SpaceX already proved it could lower the cost to space with its reusable Falcon 9 rocket, but this morning, it proved that it could also recycle its robotic Dragon capsule for a mission from start to finish.
Dragon splashed down into the Pacific Ocean near Baja California at 5:12 a.m. PT, returning 4,000 pounds of cargo from the International Space Station. It’s the first Dragon to make two successful splashdowns, and the first spacecraft to make two round trips to the space station since the space shuttle era ended in 2011.
NASA astronaut Jack Fischer released the capsule from the International Space Station’s robotic arm at around 11:40 p.m. PT Sunday, with crewmate Peggy Whitson alongside.
“Dragon’s been an incredible spacecraft,” Fischer said. “I can even say it was slathered in awesome sauce. This baby has had almost no problems, which is an incredible feat, considering it’s the first reuse of a Dragon vehicle.”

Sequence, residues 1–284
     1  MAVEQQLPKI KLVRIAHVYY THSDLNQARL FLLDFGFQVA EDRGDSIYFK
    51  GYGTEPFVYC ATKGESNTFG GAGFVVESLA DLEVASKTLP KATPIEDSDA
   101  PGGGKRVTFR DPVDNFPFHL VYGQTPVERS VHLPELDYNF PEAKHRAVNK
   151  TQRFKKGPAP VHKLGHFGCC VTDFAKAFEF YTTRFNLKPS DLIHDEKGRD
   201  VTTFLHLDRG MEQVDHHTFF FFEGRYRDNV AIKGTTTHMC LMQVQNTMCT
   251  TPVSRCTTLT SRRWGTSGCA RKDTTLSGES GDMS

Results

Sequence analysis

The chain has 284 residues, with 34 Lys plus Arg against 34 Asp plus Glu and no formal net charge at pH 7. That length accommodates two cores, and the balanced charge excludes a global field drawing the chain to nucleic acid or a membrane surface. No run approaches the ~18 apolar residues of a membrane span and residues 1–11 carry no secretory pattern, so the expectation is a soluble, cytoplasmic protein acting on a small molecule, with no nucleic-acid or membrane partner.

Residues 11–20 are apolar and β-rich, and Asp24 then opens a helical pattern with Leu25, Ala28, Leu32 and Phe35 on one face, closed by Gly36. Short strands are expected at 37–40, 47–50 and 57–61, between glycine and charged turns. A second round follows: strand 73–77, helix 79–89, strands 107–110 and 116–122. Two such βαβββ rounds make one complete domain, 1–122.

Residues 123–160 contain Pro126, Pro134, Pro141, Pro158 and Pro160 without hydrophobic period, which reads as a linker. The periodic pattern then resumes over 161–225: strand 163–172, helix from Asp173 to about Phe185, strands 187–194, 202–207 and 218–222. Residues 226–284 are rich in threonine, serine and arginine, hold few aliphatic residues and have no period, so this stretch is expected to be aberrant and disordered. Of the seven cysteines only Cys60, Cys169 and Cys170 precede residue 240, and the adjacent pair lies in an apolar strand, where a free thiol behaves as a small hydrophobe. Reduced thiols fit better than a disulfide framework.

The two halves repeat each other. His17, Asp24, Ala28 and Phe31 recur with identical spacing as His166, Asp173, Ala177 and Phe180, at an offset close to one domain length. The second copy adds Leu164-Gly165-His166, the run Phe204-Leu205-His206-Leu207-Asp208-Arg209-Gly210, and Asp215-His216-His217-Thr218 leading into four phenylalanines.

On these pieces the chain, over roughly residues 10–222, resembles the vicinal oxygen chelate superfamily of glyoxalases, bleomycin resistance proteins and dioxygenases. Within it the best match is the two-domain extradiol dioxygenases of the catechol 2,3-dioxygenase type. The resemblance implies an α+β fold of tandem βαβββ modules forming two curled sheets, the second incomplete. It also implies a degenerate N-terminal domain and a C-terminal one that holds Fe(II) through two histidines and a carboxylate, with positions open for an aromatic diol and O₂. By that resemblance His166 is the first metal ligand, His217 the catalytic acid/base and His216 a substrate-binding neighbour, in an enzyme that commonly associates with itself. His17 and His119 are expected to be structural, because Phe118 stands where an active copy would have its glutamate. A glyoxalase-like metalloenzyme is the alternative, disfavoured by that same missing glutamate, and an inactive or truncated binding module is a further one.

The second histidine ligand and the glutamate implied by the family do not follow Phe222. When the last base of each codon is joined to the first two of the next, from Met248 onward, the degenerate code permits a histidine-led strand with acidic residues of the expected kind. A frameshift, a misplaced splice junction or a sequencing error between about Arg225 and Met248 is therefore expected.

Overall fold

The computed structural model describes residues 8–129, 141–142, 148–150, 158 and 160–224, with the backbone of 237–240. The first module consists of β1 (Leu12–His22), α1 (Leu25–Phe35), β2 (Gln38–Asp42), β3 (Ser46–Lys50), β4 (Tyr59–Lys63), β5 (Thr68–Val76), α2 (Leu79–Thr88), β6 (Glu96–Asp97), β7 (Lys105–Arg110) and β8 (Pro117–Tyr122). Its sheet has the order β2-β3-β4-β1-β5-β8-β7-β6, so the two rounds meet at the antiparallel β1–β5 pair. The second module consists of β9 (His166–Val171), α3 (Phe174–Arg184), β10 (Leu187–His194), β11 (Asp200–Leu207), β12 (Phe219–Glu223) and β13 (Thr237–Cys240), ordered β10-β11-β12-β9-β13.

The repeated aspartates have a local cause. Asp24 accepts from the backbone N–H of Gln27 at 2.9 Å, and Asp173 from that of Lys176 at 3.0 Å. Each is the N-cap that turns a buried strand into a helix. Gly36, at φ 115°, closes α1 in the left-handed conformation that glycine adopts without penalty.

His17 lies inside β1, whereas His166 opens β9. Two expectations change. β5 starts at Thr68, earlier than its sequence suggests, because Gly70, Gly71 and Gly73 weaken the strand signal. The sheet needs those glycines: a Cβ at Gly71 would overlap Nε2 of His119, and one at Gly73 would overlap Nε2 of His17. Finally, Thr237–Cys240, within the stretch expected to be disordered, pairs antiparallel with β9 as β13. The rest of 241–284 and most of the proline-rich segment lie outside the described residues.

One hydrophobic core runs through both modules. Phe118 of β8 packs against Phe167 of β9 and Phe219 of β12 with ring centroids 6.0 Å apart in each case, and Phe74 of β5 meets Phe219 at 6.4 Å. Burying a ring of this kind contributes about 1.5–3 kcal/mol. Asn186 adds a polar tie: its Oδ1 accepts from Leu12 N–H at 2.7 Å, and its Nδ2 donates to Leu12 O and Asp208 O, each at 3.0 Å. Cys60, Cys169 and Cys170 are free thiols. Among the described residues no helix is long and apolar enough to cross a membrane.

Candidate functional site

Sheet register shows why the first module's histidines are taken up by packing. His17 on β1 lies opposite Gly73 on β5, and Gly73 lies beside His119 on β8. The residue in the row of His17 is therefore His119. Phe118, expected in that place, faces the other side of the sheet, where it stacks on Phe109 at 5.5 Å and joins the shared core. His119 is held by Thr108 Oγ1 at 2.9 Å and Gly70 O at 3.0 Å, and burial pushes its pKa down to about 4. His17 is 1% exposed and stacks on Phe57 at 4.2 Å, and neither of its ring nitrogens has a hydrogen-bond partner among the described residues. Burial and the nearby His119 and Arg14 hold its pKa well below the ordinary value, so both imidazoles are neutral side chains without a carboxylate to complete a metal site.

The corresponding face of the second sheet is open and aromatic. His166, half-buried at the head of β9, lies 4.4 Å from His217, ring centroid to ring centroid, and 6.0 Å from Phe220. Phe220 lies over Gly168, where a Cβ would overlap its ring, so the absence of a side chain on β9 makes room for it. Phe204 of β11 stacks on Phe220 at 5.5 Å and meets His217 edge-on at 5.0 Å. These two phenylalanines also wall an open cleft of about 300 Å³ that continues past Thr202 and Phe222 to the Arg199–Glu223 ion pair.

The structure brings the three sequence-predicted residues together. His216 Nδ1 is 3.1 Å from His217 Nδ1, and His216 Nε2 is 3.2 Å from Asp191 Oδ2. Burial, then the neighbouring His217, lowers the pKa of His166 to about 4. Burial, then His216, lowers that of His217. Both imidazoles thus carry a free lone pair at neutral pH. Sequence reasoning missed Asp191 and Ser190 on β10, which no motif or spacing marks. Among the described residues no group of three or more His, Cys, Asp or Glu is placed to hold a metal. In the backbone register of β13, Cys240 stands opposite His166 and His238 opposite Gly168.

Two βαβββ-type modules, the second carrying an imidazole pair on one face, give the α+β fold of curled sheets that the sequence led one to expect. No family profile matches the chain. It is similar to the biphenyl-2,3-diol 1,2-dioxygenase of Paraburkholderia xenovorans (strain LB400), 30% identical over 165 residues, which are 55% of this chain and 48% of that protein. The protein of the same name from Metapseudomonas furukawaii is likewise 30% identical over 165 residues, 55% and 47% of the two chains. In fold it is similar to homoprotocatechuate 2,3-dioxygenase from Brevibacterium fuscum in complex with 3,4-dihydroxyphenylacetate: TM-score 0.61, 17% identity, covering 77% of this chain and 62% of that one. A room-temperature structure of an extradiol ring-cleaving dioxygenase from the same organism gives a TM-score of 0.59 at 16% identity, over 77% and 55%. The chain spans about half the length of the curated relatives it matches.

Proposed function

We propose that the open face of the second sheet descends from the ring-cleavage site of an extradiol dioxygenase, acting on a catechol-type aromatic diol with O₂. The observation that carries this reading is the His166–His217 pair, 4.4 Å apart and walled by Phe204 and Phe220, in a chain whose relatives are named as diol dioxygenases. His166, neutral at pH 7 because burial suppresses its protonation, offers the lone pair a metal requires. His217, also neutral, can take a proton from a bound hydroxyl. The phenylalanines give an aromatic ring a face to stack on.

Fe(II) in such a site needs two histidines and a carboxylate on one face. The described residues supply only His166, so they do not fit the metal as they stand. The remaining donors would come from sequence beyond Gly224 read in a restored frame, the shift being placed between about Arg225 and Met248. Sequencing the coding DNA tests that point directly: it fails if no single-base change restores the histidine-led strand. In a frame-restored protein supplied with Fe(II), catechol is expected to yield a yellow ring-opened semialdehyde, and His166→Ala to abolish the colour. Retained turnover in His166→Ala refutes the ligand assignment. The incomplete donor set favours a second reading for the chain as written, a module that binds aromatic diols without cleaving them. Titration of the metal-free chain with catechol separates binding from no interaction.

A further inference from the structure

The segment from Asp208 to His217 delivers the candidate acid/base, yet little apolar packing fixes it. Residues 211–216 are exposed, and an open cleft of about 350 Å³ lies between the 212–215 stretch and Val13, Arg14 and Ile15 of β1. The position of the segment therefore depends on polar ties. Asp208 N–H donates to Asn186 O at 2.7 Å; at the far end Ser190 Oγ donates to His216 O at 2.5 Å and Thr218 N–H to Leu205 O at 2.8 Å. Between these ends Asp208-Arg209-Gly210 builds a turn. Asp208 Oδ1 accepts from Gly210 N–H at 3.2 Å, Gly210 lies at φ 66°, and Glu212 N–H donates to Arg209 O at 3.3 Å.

Fischer spoke excitedly about the contents of SpaceX’s CRS-11 resupply mission, which was launched from NASA’s Kennedy Space Center exactly a month ago.
“Most of the 6,000 pounds of cargo it carried was science, and almost all the return cargo are precious samples for discoveries we can’t wait to see,” he said.
Among the scientific experiments making their return are the Fruit Fly Lab-02 experiment, testing how the microgravity can affect the heart; and Systemic Therapy of NELL-1 for Osteoporosis, a study focusing on a drug that’s meant to counteract the loss of bone mass in zero-gravity conditions as well as on Earth.
The capsule was picked up by an oceangoing recovery team and will be brought back to Los Angeles. From there, it will be shipped to SpaceX’s Texas facility for processing.
This Dragon was first used for a space station resupply mission in 2014 and was refurbished after its first return to Earth. SpaceX plans to reduce the turnaround time for the future reuse of Dragon capsules as well as Falcon 9 boosters.
Today is shaping up as busy day for SpaceX. The company is gearing up to launch the Intelsat 35e telecommunications satellite aboard a Falcon 9 rocket from Kennedy Space Center’s Launch Complex 39A.
SpaceX originally planned to launch the satellite on Sunday, but the launch was scrubbed at T-minus-9 seconds after the computer system detected a guidance error. The next hourlong launch opportunity comes at 7:37 p.m. ET (4:37 p.m. PT).